ch57 Acute Intracranial Problems
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Normal intracranial pressure (ICP) range is:
0-15 mm Hg
Autoregulation to maintain constant blood flow to the brain becomes ineffective when the MAP is below _______ and ischemia occurs.
50 mm Hg
Autoregulation becomes ineffective when the MAP is greater than ______ due to maximal vasoconstriction.
150 mm Hg
Normal cranial perfusion pressure (CPP) is:
70-100 mm Hg
Cranial perfusion pressure (CPP) calculation:
- CPP = MAP - ICP
- Cranial perfusion pressure = mean arterial pressure - intracranial pressure
Mean arterial pressure (MAP) calculation:
- MAP = (SBP - DBP)/3 + DBP
- Mean arterial pressure = (systolic blood pressure - diastolic blood pressure)/3 + diastolic blood pressure
Earliest sign of increased intracranial pressure (ICP):
Decreasing level of consciousness (LOC)
Cushing's triad is a late sign of increased intracranial pressure (ICP). The signs are:
- Increased pulse pressure (increased systolic BP with unchanged to slightly elevated diastolic BP)
- Irregular respirations
- Decreased pulse (bradycardia)
Define the following herniations:
- Uncal - lateral and downward herniation toward brainstem
- Tentorial - downward herniation toward brainstem
- Cingulate - lateral displacement beneath falx cerebri
- Temporal lobe - brain herniates through a fracture or surgical site (external hernia)
Priority nursing interventions for a patient post cranial surgery are to prevent:
Increased intracranial pressure (ICP) and infection
Meningitis vs. Encephalitis:
Common cause: Bacterial vs. viral
Increased ICP from: Increased CSF vs. cerebral edema
Onset: Rapid vs. slow
Inflammation of: Pia & arachnoid maters vs. brain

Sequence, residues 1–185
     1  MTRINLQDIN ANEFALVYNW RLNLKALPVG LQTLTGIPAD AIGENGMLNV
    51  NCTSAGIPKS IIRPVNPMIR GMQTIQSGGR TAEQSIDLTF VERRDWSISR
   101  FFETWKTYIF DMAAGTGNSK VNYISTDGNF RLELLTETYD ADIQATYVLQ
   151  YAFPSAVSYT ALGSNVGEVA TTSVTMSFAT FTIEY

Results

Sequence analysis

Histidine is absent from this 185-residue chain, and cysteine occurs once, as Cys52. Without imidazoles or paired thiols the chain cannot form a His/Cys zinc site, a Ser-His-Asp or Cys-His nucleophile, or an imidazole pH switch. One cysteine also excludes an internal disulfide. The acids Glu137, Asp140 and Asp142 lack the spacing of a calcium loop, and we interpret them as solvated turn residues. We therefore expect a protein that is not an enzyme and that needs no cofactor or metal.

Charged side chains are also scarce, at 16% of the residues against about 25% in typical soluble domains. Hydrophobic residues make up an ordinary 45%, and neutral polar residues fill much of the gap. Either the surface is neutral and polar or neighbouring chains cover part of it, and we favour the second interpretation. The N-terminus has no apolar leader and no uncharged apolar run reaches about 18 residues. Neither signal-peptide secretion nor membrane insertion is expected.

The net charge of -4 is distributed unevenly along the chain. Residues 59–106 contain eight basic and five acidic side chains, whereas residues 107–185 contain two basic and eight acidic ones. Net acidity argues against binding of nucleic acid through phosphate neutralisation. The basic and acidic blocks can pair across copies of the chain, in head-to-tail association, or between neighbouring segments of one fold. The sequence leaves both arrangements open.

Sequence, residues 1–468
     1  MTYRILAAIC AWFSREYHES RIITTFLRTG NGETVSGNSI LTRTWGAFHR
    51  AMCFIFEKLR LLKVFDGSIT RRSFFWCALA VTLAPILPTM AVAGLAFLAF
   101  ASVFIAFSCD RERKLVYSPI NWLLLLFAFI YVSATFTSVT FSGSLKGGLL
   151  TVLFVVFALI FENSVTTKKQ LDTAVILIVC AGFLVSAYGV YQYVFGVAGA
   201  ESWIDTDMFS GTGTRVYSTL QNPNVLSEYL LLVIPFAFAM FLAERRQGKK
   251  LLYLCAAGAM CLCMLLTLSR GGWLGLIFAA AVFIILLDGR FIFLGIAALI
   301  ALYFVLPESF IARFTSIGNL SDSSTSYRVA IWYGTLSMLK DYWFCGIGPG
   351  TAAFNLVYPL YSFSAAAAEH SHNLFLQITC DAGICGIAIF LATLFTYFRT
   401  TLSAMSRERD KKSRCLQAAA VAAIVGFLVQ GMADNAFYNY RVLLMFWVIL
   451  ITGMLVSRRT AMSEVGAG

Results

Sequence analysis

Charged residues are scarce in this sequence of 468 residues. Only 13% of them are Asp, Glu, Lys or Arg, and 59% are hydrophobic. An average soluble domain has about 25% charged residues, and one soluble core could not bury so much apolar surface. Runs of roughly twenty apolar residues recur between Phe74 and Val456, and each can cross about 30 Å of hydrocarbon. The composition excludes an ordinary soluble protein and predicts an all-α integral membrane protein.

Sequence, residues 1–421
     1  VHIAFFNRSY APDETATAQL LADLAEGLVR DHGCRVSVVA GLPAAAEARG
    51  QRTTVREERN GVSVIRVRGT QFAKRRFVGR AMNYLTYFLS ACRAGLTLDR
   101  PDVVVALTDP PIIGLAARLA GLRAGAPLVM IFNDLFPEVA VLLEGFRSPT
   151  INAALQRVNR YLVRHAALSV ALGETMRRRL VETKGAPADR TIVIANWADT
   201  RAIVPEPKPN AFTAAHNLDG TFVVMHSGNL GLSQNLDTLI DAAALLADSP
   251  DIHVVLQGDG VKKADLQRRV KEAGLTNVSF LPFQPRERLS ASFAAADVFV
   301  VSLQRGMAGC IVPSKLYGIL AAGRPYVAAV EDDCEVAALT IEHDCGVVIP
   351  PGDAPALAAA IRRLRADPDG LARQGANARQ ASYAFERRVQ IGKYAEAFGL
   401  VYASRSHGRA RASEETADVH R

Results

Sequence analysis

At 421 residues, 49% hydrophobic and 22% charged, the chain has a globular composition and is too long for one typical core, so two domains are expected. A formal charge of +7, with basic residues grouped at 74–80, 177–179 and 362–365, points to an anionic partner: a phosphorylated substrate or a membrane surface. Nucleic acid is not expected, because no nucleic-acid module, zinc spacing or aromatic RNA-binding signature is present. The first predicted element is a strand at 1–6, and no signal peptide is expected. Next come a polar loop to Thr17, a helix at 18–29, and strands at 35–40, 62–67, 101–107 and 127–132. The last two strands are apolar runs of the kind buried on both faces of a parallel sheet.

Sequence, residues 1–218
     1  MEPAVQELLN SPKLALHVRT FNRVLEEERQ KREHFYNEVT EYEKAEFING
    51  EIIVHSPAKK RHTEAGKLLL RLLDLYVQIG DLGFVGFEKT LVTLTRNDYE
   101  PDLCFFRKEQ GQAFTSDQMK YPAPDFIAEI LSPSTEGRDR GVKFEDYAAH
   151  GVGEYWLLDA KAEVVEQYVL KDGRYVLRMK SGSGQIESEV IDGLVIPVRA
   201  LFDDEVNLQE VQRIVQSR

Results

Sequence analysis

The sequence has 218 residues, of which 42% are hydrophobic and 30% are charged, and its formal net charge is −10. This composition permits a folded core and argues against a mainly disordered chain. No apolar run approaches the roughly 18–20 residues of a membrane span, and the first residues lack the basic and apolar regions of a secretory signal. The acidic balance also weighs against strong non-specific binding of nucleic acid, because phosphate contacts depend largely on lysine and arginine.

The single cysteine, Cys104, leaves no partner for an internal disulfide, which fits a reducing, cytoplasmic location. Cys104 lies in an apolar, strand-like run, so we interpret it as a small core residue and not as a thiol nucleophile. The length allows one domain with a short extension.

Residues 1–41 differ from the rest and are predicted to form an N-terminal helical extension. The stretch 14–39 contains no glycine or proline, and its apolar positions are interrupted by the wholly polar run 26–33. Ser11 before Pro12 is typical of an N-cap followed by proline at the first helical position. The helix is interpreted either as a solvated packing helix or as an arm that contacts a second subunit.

Source: Respiratory infection vs. insect bite
- Most commonly bacterial
- Increased CSF
- Rapid onset
- Inflammation of pia & arachnoid maters
- Commonly from a respiratory infection
- Most commonly viral
- Increased cerebral edema
- Slow onset
- Inflammation of brain
- Commonly from insect bite (e.g. West Nile)
A patient is admitted to the ER with a large laceration on the forearm as a result of a dog bite. A pack of dogs on the edge of town attacked him, but scattered when another person intervened with a stick. The nurse informs the patient that the incident will be reported to the public health officials and adds that:
A. If the dog cannot be identified, caught, and observed for 10 days, he must have the series of rabies vaccine.
B. If he develops symptoms such as tingling and numbness at the bite site with fever, headache, and malaise, he should get the full rabies immunization series.
C. Because he was not immunized for rabies before the bite, his protection against rabies will only involve the administration of rabies immune globulin (RIG).
D. If the wound is cleaned well with soap and water with an antiseptic applied, the chance of developing rabies is small.
A. Rationale: The priority in treatment is to determine whether the animal is rabid. No treatment is required if a domestic animal can be caught and develops no symptoms of rabies for 10 days or if a wild animal can be killed and the brain has no evidence of rabies. In all other cases, full rabies immunization is required. The initial immunization is a rabies immune globulin followed by active immunization. If immunization is delayed until symptoms develop, rabies infection is ultimately fatal.
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